New Mexico Water Wars

Well, I might have said earlier that we should quit whining about the drought and low lake levels, but I changed my mind. It is true that we should take advantage of the low levels to put some place new fish habitat structure and work on shoreline vegetation to speed up the recovery process. However, people are trying to give away New Mexico's water and we need to do what we can to turn this around. Here is my latest rant (Oct-2011):

B.A.S.S. anglers in New Mexico and surrounding southwestern states may be trading in their boats for golf carts and poker chips if casinos, big business and city politicians get their way. From one perspective, southwestern bass anglers benefited when many reservoirs were built in the 20th century for irrigation, flood control and municipal water supplies. In New Mexico, there are only 10 reservoirs big enough to support bass tournaments that wouldn’t have otherwise been built. But continued growth in urban population, casinos with their fountains and golf courses, semiconductor industries and cattle feedlots have pushed demand for groundwater and surface water beyond supply. Just to add fuel to the fire, federal courts have ruled that minimum instream flows must be maintained to provide habitat for the Rio Grande silvery minnow and other endangered fish and birds. The stream discharges leave New Mexico for Amistad Reservoir and Mexico but little of it ever reaches Amistad.

Water has just become another bargaining chip in the economic struggle to bring new business and employment to New Mexico. But the irony is that all of the southwest states are competing with each other to give away water to attract new jobs while they are risking the agriculture and tourism that these reservoirs created when they were built. It is just another case of poorly conceived political “redistribution of wealth” that is going to leave us high and dry if we don’t speak up and get in the game.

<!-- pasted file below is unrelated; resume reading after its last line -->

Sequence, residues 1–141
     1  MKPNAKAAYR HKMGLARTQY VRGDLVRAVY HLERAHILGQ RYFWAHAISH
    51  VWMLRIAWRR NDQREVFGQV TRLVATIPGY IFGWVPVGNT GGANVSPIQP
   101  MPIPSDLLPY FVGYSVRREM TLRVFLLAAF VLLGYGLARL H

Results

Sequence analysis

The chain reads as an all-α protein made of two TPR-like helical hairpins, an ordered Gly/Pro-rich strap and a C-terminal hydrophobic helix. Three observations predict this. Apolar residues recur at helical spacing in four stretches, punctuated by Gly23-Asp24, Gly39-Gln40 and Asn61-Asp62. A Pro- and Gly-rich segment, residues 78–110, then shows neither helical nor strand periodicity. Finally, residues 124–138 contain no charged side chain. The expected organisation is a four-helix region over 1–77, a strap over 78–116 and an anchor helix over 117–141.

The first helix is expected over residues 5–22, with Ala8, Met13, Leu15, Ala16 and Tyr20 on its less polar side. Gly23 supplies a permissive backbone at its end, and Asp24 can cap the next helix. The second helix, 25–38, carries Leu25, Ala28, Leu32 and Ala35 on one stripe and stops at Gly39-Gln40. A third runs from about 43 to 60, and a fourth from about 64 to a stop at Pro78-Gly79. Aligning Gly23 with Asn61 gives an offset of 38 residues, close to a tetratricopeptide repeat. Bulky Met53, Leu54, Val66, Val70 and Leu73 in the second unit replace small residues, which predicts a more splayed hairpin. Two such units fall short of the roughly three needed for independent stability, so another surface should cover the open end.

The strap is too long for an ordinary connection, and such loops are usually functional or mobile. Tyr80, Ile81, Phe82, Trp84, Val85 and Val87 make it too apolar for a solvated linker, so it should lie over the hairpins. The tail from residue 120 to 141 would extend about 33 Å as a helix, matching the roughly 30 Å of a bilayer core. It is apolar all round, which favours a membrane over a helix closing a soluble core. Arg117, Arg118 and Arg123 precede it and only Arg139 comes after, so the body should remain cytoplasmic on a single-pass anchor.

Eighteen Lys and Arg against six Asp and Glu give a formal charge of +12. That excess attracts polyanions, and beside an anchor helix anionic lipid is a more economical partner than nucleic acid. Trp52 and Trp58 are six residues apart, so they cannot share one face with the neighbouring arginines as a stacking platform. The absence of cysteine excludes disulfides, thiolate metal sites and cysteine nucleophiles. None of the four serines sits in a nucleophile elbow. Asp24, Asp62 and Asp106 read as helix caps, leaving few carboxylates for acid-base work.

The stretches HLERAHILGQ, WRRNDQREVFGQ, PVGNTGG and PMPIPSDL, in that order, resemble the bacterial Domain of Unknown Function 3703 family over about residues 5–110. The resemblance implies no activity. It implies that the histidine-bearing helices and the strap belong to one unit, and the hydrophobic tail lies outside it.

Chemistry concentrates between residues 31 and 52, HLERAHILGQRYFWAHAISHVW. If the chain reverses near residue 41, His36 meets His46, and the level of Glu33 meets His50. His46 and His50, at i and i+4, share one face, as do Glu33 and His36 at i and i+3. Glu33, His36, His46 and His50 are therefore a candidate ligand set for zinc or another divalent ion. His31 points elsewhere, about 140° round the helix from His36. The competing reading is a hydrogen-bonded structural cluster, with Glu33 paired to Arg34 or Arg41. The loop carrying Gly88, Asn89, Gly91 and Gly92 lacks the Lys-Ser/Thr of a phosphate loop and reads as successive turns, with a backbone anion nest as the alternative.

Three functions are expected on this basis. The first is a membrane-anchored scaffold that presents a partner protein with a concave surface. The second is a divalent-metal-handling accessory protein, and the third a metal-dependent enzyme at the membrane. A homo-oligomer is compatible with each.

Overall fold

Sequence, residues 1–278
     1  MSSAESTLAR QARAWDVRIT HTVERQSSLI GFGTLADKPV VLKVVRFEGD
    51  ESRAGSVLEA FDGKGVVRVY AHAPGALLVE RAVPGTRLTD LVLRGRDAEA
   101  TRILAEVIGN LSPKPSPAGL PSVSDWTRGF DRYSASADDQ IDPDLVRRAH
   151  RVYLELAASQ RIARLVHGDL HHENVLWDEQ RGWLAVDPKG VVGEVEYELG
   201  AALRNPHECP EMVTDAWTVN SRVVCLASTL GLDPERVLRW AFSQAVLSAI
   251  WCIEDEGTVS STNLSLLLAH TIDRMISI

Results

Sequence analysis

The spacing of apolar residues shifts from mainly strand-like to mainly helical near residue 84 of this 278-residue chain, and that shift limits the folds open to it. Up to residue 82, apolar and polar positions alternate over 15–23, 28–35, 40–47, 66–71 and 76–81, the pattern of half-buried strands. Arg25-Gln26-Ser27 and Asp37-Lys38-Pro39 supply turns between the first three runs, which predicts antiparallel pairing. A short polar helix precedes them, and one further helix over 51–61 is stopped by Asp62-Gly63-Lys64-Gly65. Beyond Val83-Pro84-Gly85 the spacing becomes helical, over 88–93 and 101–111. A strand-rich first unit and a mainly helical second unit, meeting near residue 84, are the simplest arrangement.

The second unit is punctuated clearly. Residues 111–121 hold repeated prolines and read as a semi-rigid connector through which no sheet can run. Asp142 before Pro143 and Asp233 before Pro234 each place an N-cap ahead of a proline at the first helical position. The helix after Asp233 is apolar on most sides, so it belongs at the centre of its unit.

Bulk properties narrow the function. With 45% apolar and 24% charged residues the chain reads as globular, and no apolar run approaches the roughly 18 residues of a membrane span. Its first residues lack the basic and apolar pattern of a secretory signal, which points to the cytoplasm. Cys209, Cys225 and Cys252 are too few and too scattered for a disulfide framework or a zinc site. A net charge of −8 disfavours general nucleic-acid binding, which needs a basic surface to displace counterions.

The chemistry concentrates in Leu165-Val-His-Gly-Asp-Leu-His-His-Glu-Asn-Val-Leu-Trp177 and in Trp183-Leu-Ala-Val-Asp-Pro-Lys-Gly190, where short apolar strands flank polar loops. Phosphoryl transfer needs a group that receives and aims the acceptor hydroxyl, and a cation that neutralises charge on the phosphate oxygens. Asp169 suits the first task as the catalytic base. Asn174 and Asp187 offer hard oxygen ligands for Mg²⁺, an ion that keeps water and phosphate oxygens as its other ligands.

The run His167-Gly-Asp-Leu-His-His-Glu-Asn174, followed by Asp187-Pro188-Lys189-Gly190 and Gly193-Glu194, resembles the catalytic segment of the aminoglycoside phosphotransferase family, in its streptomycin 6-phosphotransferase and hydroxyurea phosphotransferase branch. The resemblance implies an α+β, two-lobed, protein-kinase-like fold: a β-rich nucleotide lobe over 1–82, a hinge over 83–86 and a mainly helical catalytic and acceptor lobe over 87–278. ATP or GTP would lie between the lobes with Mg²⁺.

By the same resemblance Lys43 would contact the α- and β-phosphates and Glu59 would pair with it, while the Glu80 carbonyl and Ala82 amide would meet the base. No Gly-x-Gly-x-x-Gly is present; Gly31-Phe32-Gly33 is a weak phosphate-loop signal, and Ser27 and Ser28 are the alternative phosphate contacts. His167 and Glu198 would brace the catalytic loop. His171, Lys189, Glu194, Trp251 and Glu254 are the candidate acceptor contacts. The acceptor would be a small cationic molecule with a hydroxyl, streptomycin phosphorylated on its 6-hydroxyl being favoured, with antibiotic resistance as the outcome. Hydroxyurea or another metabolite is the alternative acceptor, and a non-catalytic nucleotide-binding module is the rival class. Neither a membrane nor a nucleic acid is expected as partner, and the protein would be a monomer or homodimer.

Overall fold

The current drought has drained many of the lakes to near record lows and forced some farmers to cut back on crops. Oddly enough though, there are four new championship golf courses next to our two biggest casinos and two largest bass fishing reservoirs. There was also a proposal to sell $10,000,000 worth of water rights to Intel, the largest non-government employer in the state. A pipeline is also being installed to withdraw water from Ute Lake for southeastern New Mexico cities. Water rights owners in the Pecos River valley recently approached the water-strapped city of Santa Fe with an offer to sell their rights and pipe water out of the Pecos, further increasing the risk of Golden Algae fish kills in the lower Pecos Valley.

The impact of these water deals in other southwestern states is just as threatening.

In our neighboring states, the Nevada Supreme Court decided in 2007 that the state engineer violated the due process rights of people that protested a 300-mile pipeline and water withdrawals for the City of Las Vegas. Colorado, Arizona and California municipalities also have plans on the table to draw more water from the Colorado river, bypass the California Delta and divert more water from other basins. We may be late, but we must get involved in efforts to keep the water in our reservoirs and stem the diversions.

Before you vote next fall, know where your candidates stand on protecting our reservoirs.

Earl Conway

New Mexico Bass Federation Nation

Conservation Director